the world does not accord with our intuition

The world does not accord with our intuition. A piece of paper, folded forty-two times, reaches the moon. Hard to believe, right?

Imagine for a second that all the (human resources) management styles and procedures you apply, based on intuition, could be totally flawed.

Use data-driven models and analytics to build decision-making frameworks to reduce attribution errors based solely on intuition.

This one minute read is inspired by the writings of Malcolm Gladwell.

flexible framework

Your HR department likely doesn’t have a solid decision-making framework. Your marketing & finance departments on the other hand, probably do. The marketing department might even have automated decision-making based on the above framework. For instance, if revenue within a week doesn’t reach a particular goal by Wednesday, some more ads could be released programmatically.

HR doesn’t have a framework to base decisions on. Reason why? The intricate complexity is ever-changing. The diversity within people is just tremendous and highly contextual.

Before defining and quantifying the parameters within the framework, HR could benefit from agreeing on the outlines of a decision-making framework.

face it

“Not everything that is faced can be changed. But nothing can be changed until it is faced,” wrote James Baldwin.

In startup entrepreneurship, you have to face everything all at once. Only to suffer from stress because it’s hard to do everything by yourself.

Prioritize what to face first. Better yet, have the market and your customers prioritize it for you. Whatever they feel the strongest about, that’s the challenge you’ll face first.


When you’re out in the sea, drowning, and you see a buoy, you don’t care if that buoy is either closer or farther from shore. You won’t hesitate and consider if this move is increasing or decreasing your chances. You’ll just care about survival.

Even with the best strategical plans in place, and a framework that you can apply to critically assess every move when push comes to shove, the choice is simple, and that’s totally fine.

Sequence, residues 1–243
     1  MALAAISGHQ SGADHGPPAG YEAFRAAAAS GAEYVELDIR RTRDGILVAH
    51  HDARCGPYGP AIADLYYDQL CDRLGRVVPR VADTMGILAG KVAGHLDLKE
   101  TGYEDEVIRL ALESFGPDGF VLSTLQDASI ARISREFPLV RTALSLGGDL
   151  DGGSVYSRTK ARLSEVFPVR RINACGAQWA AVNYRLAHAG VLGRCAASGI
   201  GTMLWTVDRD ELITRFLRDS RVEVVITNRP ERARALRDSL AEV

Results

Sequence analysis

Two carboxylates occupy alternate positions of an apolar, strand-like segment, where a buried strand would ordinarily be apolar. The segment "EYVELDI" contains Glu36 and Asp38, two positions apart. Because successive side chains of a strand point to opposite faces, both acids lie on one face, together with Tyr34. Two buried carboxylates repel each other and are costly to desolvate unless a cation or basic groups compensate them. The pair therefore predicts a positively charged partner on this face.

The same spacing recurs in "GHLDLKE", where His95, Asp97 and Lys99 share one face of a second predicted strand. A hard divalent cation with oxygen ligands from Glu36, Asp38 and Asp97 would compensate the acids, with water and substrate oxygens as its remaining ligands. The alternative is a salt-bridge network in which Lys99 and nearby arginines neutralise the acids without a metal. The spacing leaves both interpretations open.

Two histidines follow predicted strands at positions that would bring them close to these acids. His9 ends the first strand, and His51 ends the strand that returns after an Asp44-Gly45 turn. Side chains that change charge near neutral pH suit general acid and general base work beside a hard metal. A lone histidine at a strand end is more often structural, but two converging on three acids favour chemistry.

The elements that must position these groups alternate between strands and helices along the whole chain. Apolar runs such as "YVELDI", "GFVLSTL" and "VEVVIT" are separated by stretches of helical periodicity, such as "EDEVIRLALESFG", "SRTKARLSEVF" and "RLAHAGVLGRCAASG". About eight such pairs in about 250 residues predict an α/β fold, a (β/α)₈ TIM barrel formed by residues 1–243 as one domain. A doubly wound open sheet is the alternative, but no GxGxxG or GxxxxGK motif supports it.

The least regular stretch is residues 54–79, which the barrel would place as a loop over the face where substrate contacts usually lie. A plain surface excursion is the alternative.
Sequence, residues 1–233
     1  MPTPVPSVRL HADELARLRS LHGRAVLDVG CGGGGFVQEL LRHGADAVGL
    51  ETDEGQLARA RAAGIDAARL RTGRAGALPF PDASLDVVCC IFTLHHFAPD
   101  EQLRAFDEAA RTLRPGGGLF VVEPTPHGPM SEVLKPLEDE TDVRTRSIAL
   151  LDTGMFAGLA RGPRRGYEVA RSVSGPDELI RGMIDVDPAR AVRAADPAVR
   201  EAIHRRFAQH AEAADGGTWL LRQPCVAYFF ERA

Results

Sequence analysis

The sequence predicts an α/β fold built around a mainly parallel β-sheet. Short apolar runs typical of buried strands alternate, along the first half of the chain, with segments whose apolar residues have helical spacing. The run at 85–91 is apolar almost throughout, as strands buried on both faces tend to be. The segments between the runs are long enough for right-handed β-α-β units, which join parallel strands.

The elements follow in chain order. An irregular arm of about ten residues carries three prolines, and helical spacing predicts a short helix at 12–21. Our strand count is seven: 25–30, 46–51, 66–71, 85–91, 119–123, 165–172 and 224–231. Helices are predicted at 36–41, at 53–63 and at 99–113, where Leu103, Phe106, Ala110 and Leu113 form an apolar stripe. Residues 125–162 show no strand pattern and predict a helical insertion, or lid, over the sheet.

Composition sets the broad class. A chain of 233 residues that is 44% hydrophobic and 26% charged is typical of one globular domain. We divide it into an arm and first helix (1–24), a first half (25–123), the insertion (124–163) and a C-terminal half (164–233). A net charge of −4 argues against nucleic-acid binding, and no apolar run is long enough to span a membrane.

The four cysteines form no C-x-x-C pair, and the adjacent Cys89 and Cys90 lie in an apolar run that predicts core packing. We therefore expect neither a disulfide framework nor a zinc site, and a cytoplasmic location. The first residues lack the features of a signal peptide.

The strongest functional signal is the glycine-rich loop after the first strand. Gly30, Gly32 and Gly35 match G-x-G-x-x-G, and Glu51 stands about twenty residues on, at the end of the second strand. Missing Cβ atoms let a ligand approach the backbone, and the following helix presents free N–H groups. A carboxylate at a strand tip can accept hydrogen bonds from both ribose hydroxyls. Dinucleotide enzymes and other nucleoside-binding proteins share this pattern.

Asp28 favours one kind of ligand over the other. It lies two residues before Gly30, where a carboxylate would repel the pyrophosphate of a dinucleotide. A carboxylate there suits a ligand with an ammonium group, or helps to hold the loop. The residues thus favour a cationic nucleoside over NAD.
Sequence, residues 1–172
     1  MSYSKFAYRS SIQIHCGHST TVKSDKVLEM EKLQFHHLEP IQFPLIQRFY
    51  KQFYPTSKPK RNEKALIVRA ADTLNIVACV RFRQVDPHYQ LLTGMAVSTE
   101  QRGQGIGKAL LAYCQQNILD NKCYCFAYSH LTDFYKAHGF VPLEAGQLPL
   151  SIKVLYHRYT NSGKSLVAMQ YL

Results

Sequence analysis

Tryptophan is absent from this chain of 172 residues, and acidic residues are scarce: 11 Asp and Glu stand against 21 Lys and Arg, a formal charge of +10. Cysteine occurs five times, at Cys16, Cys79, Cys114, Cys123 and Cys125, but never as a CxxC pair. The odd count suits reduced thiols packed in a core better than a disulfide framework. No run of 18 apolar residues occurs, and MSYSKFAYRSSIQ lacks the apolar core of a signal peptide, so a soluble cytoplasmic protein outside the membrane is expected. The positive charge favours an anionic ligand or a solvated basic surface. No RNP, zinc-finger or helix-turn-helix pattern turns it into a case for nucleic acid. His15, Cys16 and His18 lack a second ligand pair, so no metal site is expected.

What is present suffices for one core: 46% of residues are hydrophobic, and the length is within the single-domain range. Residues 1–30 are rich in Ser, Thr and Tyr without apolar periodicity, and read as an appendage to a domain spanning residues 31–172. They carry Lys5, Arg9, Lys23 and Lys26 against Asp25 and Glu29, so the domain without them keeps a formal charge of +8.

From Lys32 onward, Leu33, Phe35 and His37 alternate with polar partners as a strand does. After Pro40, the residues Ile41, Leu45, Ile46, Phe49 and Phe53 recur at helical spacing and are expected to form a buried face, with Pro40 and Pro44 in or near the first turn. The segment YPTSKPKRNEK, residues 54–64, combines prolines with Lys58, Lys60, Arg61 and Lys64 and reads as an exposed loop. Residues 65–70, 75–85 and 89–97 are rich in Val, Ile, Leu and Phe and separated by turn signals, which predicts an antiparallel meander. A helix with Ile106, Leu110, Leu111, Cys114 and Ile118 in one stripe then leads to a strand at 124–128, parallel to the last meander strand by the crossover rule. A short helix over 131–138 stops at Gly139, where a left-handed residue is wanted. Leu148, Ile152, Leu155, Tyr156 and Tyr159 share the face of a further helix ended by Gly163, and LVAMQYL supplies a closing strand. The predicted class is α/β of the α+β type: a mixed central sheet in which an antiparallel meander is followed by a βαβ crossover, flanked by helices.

Aim for having a plan in place that guides every move, allow for deviations anyway.

chief decision

Some people make decisions for a living. Yes, no, left, right, wait, proceed, increase, decrease. With every decision requiring thinking power and mental capacity, naturally, there is a limit to the number of decisions one can make on a given day.

CEOs showing up in the same outfit, year in year out, is no coincidence. Preserving thinking power for less mundane decisions seems like a smart move.

Whether it’s top CEOs or self-employed people just starting, with no one to make demands, balancing work and life is up to them. No one to impose a schedule, so even seemingly ordinary planning chips away at decision capacity.


On the verge of a potentially life-changing decision, one, presumably, aspires to make that decision as well as they possibly can. Depending on what frameworks and methodologies are being applied, somewhere down the line, a decision matrix could be built, helping you to come to a conclusion.

Jeff Bezos once wrote the following in an annual shareholder letter. “Most decisions should probably be made with somewhere around 70% of the information you wish you had, if you wait for 90%, in most cases, you’re probably being slow.”

What happens when 70% is unattainable, but the decision has to be made swiftly? What if the parameters can’t be plotted in a matrix, rendering your decision unmatrixable.

Involve as many people as you can, and trust you’ll do the right thing.

certainty bliss

In a world, where many of us seem to agree on the fact that it appears to be spinning increasingly faster around its axis. Where the only constant is change. With thousands of decisions to be made everyday. Certainty is hard to come by. Having faith in a decision, or better yet, the lack thereof, is energy consuming.

Establishing certainty is a fantastic feeling. When you do, cherish and enjoy the moment.

decision fear

After considering all options for two possible solutions for a challenge. With an extensive pro’s and contra’s list prepared. Having combed through numerous reviews. Involving people to weigh in on the decision… You find yourself still stuck in analysis paralysis, scared to make the wrong choice.

Sometimes the anxiety is more legitimate than other times. Figuring out what to have for dinner or deciding which market to enter next are two completely different things, with entirely different consequences.

Going about (big) decisions diligently is usually a smart approach. Too diligent, however, slows down the process tremendously. If possible, in case of uncertainty, choose both options. Evaluate them shortly after and cancel one out.